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Commentary: COVID-19 Racial Disparities

A map showing social vulnerability and COVID-19 deaths by zip code in Chicago.

While we may all be in this pandemic together, public health professionals knew, communities of color would bare a disproportionate burden of the effects of COVID-19. To track the effects of systemic racism, public health experts examine data on infection and hospitalizations by race/ethnicity. On Monday, April 6, we finally saw these figures for Chicago, and they were not surprising.

While only 30 percent of Chicago’s population is Black, 72 percent of the city’s COVID-19 deaths were among Blacks Chicagoans. The spokesperson from the Chicago Mayor’s Office acknowledged this reality, saying “early community spread in Black communities and higher baseline rates of chronic underlying conditions are driving [these] issues.” Similar patterns can be seen in data released in Wisconsin, Louisiana, Philadelphia, Detroit and other cities and states.

This is not a surprise to public health professionals. In fact, it is predictable. Health— and the opportunity to be healthy—is rooted in complex social and structural inequities that unfairly advantage some and disadvantage others (Jones, 2014). Long before this pandemic emerged, racism and classism created the conditions in which this inequity was able to take hold. The lack of access to health care and health insurance, to quality education, and to decent jobs and financial stability has led to rates of diabetes, heart disease, and lung disease that are higher in communities of color than in their white counterparts. These are the very conditions that make COVID-19 so dangerous, illustrating the many ways that injustice can kill.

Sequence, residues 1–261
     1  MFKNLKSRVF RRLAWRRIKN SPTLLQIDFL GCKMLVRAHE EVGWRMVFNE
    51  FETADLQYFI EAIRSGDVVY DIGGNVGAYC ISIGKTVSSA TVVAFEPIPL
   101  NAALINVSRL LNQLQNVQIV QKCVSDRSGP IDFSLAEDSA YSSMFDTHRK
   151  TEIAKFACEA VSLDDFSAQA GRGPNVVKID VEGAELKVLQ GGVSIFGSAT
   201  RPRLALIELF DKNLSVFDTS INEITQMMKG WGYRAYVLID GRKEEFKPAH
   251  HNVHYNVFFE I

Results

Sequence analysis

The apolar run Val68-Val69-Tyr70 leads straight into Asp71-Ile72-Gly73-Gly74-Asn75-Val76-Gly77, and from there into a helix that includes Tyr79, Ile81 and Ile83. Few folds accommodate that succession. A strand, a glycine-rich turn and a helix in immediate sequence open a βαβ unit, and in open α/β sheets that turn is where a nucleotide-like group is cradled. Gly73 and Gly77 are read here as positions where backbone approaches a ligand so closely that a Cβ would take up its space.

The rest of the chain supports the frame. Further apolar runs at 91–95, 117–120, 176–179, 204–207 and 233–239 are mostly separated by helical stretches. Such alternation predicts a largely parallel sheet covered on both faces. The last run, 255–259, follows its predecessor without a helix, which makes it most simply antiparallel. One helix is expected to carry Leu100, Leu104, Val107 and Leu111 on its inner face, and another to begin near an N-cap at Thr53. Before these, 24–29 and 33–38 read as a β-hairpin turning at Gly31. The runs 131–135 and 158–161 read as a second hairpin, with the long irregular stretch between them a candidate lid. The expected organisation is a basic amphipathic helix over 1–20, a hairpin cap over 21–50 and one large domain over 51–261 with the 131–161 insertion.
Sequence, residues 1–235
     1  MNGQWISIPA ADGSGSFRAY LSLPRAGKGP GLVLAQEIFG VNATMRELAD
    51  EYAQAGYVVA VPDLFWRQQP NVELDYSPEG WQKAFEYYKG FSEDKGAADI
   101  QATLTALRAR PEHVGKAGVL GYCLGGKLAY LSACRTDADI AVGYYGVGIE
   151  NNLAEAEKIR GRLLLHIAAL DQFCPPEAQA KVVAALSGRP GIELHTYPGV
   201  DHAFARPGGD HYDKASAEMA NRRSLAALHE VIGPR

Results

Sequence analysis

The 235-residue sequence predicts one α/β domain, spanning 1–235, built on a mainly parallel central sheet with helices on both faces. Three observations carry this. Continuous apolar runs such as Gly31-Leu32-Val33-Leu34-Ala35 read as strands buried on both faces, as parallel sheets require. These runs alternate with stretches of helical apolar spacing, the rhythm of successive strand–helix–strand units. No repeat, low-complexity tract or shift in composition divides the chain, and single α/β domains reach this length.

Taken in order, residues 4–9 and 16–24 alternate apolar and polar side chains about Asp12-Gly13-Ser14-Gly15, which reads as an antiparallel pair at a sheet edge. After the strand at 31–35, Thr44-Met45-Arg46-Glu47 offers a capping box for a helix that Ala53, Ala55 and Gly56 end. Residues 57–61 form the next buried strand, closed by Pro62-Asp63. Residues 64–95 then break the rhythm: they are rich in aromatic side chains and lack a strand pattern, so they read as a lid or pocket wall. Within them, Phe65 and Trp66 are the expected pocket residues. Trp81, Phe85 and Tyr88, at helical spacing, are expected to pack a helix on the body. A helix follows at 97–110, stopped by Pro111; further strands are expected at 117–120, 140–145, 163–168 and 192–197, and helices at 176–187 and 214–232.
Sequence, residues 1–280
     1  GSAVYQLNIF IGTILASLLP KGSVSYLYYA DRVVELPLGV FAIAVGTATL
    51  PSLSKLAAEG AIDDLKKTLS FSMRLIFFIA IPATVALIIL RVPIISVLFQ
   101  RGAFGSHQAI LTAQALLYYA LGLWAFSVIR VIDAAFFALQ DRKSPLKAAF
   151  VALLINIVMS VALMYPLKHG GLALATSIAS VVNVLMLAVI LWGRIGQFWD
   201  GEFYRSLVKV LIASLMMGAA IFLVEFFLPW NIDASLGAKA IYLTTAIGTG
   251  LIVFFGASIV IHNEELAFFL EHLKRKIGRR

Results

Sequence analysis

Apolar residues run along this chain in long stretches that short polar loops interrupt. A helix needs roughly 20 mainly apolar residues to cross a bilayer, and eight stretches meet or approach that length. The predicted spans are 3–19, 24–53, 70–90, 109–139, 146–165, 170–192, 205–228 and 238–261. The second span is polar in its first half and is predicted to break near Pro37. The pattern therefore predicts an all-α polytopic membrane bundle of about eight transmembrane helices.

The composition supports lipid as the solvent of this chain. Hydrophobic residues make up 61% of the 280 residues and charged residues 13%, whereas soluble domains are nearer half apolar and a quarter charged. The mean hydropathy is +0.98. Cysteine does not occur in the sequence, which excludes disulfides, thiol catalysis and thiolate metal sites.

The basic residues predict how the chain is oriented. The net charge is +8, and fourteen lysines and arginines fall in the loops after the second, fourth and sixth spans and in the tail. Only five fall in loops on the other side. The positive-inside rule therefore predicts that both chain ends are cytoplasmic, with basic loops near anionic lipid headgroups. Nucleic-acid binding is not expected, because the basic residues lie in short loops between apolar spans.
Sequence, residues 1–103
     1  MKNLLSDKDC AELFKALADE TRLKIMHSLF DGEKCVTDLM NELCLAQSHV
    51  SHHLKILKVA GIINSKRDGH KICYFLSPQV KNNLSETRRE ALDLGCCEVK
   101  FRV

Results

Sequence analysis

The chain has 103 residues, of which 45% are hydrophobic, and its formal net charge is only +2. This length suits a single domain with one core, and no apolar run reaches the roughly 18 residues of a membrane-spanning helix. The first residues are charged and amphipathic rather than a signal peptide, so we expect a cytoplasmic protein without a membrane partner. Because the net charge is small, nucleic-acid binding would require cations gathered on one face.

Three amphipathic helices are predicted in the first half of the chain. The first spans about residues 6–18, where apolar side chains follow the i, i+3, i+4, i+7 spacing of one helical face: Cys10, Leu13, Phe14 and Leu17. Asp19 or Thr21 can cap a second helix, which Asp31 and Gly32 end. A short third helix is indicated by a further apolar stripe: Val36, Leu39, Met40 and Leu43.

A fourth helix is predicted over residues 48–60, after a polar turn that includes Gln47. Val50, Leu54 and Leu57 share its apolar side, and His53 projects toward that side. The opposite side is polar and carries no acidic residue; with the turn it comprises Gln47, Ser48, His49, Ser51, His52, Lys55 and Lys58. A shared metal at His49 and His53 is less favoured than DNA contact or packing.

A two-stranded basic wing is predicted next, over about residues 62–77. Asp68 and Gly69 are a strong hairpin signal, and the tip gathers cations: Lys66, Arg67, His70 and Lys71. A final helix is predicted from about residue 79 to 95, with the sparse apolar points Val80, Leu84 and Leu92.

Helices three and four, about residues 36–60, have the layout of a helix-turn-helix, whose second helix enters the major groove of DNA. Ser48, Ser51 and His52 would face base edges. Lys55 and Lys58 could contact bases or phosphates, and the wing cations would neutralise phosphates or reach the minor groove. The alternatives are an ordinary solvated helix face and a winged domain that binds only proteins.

To address these systemic disparities, academic and public health professionals must engage in partnership with communities of color on research and action. Achieving health equity requires centering and elevating the voices and the leadership of those experiencing the inequities.

This is not easy work. Authentic, reciprocal academic-community partnerships take effort. Historical abuses by researchers and unfair practices have led many African Americans to believe that research findings will be used to further stereotype them, expose them to unnecessary risk, and not benefit the community at all (Corbie-Smith et al., 2002, Brandon et al., 2005; Corbie-Smith et al., 2004; Katz et al., 2006). This means that fewer African Americans participate in research, so we know less about the fidelity of health promotion interventions. Negative encounters with doctors, unequal access to care, and experiences with discrimination compound to reinforce beliefs that scientists and physicians cannot be trusted (Katz et al., 2006; Brandon et al., 2005). It is up to us - the academic and public health community - to earn that trust, and the way we do so is through inclusivity, mutual respect, and community engagement. This work must be done before crises happen, so that communities can be part of the response, rather than watching from the sidelines.

We applaud the City of Chicago’s partnership with West Side United to implement a strategy to reach out to residents and address “the realities of everyday life among those most impacted by COVID-19.” Across UIC, our academic and community partnerships are linking arms to maximize the impact of the city’s Racial Equity Response Team. As academic and public health professionals, we need to do more. We need to meaningfully invest in communities. We need to genuinely engage and build trusting partnerships. We need to transform our systems to create health justice.

What you can do as a public health professional Heading link

  • Share factual information and data that have been vetted by reliable sources.
  • Acknowledge and respond to the widespread mistrust and misinformation that some communities have.
  • Mobilize existing community-campus networks to support the most vulnerable.